The simple math of weight loss
The elegant balance of eating well gets corrupted by busy lives, with too little sleep and too many choices. We can fix that.
If I move enough and eat healthy food I maintain my weight. If I consume more energy than I expend, I keep it as stored energy to be used later — During our next famine, harsh winter or Naked and Afraid TV series.
Conversely, if I require more energy than I take in, then I use that stored energy for fuel. It’s a beautifully simple equation that all creatures have been utilizing since the beginning of time. But how does such elegance get so damn complicated?
I teach my dog arithmetic
I had a Labrador retriever once. I fed him a few cups of dry store-bought dog food and table scraps every day. He stored a lot of that food as extra energy — In other words, he got fat.
When I cut his food to a couple cups a day, and shared less pizza with him, he lowered his stored energy and lost weight. I didn’t feed him rice and dog supplements, or make him play Frisbee four hours a day. I simply reduced his calories, and his body knew what to do with the stored energy.
Is it really that easy?
Um, no. There are plenty of reasons why it’s so hard, and some of them may not even be our fault.
1. Adipose (fat) cells are stingy — Once we have them, they don’t like to be empty and start to signal the brain for more fuel. Also, certain chemicals can affect the endocrine system (hormone stuff) and the body’s metabolic processes. In short, some common chemicals can impact the way our bodies process food and store fat.
2. Our microbiome — the brew of tiny organisms that live in our guts — plays a role in processing food. Changes in our diets are known to effect the bacteria in our bodies, which in turn have been shown to affect how we extract energy from our diets.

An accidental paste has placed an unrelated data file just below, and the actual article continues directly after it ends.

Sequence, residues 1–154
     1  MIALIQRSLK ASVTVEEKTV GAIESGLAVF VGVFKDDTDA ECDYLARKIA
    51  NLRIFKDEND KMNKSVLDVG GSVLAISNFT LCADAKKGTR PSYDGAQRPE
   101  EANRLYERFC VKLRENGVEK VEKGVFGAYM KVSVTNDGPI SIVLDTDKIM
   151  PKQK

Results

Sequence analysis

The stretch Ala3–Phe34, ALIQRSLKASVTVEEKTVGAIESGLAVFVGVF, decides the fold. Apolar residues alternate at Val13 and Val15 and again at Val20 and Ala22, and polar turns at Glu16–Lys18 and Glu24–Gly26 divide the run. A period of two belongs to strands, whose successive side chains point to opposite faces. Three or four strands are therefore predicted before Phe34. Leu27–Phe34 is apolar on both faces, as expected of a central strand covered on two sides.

And if an individual is obese, their microbiome might actually be making weight loss harder. In recent studies, average-sized mice implanted with gut bacteria from their obese buddies were found to gain weight.
(According to the United States Department of Agriculture (USDA), we each ate roughly 20 pounds more meat per year in 2000 than we did 30 years earlier. Plus we’re consuming far more artificial sweeteners.)
3. Increased use of prescription drugs may also play a role. According to the Centers for Disease Control (CDC), spending on prescription drugs doubled between 1999 and 2008. Among adults, antidepressants were the most commonly used drug — And many studies have linked antidepressants to weight gain. But they’re not the only culprits: Allergy drugs, steroids, and pain medications, can also affect your weight.
4. The habits and lifestyles of today’s world certainly have something to do with it as well. We’re sleeping less than we used to. According to a 2013 Gallup poll, 40 percent of Americans got less than seven hours of sleep per night.
A Carnegie Mellon University study, published in 2012, found that Americans were roughly 20 percent more stressed out than they were 25 years ago. When stressed, obese people (more so than their lean counterparts) seek high fat foods such as chips, ice cream, French fries, pastry and candy.
5. The typical supermarket diet is rich in sugar, saturated fat, and sodium. It causes obesity in rats. That is, rats fed Purina rat chow (yes, that’s a real thing) maintained a normal weight. But rats fed a common supermarket diet ended up overweight — Until researchers took away that food.
The rats then lost weight when they returned to eating rat chow. There’s little doubt that fats, sugar, and salt stimulate us to eat more than we need. Besides, we don’t need more fat rats.
The paradox of choice
People make an average of 200 food choices in a day. And all these decisions can deplete our limited “mental resources” that govern will power. That’s one reason why, at the end of a hectic day, you can more easily overeat. You lack the mental resources to say “no” to that tempting cookie. Or, to refuse your dog a slice of pizza. Choice is exhausting.
Habit conquers pizza
Determining the role each of these factors plays in weight loss is subject to further study. But we can change our brain circuits by substituting food with another stimuli, such as exercise. Exercise does more than burn calories to control weight; exercise changes the reward system in the brain.
Exercise supports self-control. That is, people who exercise have greater control over what they eat. They also have more control over sticking with their exercise program. Successful exercisers are able to make exercise a habit, and not a choice. So instead of eating like a dog, maybe you just play a little fetch at the gym today.
Thanks for reading.